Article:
I buy the eerie-looking Eeyore (with bottle included) – and I take it home to meet Sean the Stupid Sheep. And then I try to work out how to tell the husband that he'll need to make another trip to the Boots near his work. (He's going to go baa-rmy!)

Friday, 19 December 2008

At long last...

So I've finally reached the starting line of a (allegedly) great blogging adventure. It's taken me ages to get here, but if you write for a living then why would you ever want to spend your spare time writing some more?

According to my Running Potter Blogging Pal Rachel: "It's about time you got my act together." And after a prompt from her latest posting to write about my boobs I thought, well if ever there was a good place to start then it was with my "less than ample bosom". If nothing else, it'll give readers a laugh!

So this is the beginning. Mammograms (report by Fiona Indoors wearing Outdoor clothes). 

I had no idea what the mammo machine would look like. I know it's aim is to take X-ray pics of your bosoms. I know, from friends, that it would flatten my breasts in preparation for the piccies. But, for some reason, I imagined I'd be lying prostrate on a cold hospital bed (possibly squashed down so flat that I'd wouldn't be able to breath. I'm a drama queen!) as the X-rays were taken from above. 

So I was rather intrigued to find myself standing face-to-face with a strange pink and grey (colours presumably chosen to give the machine a fluffy, girlie look) machine. I saw a ledge at breast height, I saw a clamp above that and then I suddenly felt the warm hands of the doctor/nurse (she never said) holding on to my right boob.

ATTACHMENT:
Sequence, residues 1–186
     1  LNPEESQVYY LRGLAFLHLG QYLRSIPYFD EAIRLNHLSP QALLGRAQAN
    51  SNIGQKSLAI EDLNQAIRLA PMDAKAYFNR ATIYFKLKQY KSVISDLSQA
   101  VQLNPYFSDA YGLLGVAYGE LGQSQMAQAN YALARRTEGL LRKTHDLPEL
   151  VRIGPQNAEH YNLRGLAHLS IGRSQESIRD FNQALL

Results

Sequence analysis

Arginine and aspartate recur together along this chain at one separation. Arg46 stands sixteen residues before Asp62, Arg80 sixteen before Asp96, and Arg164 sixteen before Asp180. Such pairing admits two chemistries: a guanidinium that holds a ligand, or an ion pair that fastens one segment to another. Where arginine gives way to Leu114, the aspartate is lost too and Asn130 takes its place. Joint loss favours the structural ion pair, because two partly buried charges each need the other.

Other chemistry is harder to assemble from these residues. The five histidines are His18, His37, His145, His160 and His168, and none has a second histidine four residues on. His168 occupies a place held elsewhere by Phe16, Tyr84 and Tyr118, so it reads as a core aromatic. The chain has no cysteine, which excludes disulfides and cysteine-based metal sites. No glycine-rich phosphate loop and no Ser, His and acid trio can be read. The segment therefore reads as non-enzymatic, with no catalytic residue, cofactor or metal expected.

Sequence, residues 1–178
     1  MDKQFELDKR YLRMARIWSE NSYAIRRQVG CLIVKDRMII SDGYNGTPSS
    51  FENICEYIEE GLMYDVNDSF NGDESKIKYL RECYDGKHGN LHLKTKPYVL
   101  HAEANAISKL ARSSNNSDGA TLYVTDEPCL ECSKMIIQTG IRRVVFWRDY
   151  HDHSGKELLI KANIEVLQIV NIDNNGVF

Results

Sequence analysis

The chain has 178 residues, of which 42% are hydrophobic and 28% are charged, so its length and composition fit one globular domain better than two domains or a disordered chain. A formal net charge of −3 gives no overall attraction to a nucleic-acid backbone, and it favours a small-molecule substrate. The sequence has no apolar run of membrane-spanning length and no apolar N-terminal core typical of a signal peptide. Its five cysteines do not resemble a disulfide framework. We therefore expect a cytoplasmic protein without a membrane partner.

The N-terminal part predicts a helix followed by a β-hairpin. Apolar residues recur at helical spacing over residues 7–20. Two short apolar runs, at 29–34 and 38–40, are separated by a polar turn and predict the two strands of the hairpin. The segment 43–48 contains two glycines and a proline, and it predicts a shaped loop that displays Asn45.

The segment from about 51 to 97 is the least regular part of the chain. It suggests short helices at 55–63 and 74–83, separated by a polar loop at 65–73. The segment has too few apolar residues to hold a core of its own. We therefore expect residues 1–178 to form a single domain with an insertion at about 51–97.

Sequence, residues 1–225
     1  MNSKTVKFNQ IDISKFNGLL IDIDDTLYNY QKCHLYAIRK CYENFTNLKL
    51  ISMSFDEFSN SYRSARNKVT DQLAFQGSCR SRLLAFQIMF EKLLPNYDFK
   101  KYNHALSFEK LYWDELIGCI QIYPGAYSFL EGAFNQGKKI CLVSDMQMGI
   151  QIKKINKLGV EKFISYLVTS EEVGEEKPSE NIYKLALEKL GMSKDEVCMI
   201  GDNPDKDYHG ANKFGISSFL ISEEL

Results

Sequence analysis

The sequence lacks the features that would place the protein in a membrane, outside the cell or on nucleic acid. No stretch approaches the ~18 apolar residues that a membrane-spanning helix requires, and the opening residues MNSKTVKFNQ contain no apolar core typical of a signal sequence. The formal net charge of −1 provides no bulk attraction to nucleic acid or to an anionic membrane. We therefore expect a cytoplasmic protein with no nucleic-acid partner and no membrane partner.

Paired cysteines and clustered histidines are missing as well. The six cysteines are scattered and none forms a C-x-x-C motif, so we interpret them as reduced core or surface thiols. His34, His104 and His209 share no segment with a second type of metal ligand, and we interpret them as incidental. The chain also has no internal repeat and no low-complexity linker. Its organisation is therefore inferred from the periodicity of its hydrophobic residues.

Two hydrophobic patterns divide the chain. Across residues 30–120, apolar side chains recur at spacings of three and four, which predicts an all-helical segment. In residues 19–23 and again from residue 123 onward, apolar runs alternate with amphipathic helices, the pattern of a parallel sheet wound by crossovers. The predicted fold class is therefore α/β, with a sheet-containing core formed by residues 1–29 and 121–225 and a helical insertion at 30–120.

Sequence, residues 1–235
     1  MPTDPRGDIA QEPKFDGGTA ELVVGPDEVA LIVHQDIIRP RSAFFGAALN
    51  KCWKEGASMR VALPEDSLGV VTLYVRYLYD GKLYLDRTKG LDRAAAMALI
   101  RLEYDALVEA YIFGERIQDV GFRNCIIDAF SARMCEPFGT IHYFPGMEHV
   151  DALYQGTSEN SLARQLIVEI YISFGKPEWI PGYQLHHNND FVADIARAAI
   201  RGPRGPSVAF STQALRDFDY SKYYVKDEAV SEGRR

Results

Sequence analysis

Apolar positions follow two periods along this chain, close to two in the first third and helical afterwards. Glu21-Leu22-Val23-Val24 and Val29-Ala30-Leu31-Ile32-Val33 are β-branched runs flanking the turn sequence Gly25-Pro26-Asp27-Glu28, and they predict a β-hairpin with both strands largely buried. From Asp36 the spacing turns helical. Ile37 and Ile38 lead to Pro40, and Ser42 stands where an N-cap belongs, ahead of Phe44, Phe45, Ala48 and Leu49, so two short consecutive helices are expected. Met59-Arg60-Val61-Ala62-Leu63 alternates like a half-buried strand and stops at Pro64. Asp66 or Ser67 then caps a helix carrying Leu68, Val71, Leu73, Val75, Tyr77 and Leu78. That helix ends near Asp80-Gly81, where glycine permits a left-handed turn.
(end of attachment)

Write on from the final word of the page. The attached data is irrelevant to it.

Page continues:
She had my whole boob in her one hand (not difficult, I imagined my husband saying) and then she proceeded to sort of stretch and eek it forwards, encouraging it towards the ledge where I presumed it was suppose to rest. But there ain't much to my A-cup-on -a-good-day breasts so all I could think to do was push the front of my body up tight to the machine in the hope that the said breast would stay put. 

Continuing to hang on to my breast (clearly afraid that it would plop back off again like a fried egg on the edge of a frying pan if she didn't) the nurse/doctor then pulled a lever, which brought a clamp-style gadget down on to the top of my bosom.  Think Breville toastie machine and you'll be close to the image. Except instead of a nice cheese and tomato filling, the mammo toastie machine was obviously planning on serving up a "today's special" of Fi's boobie toastie.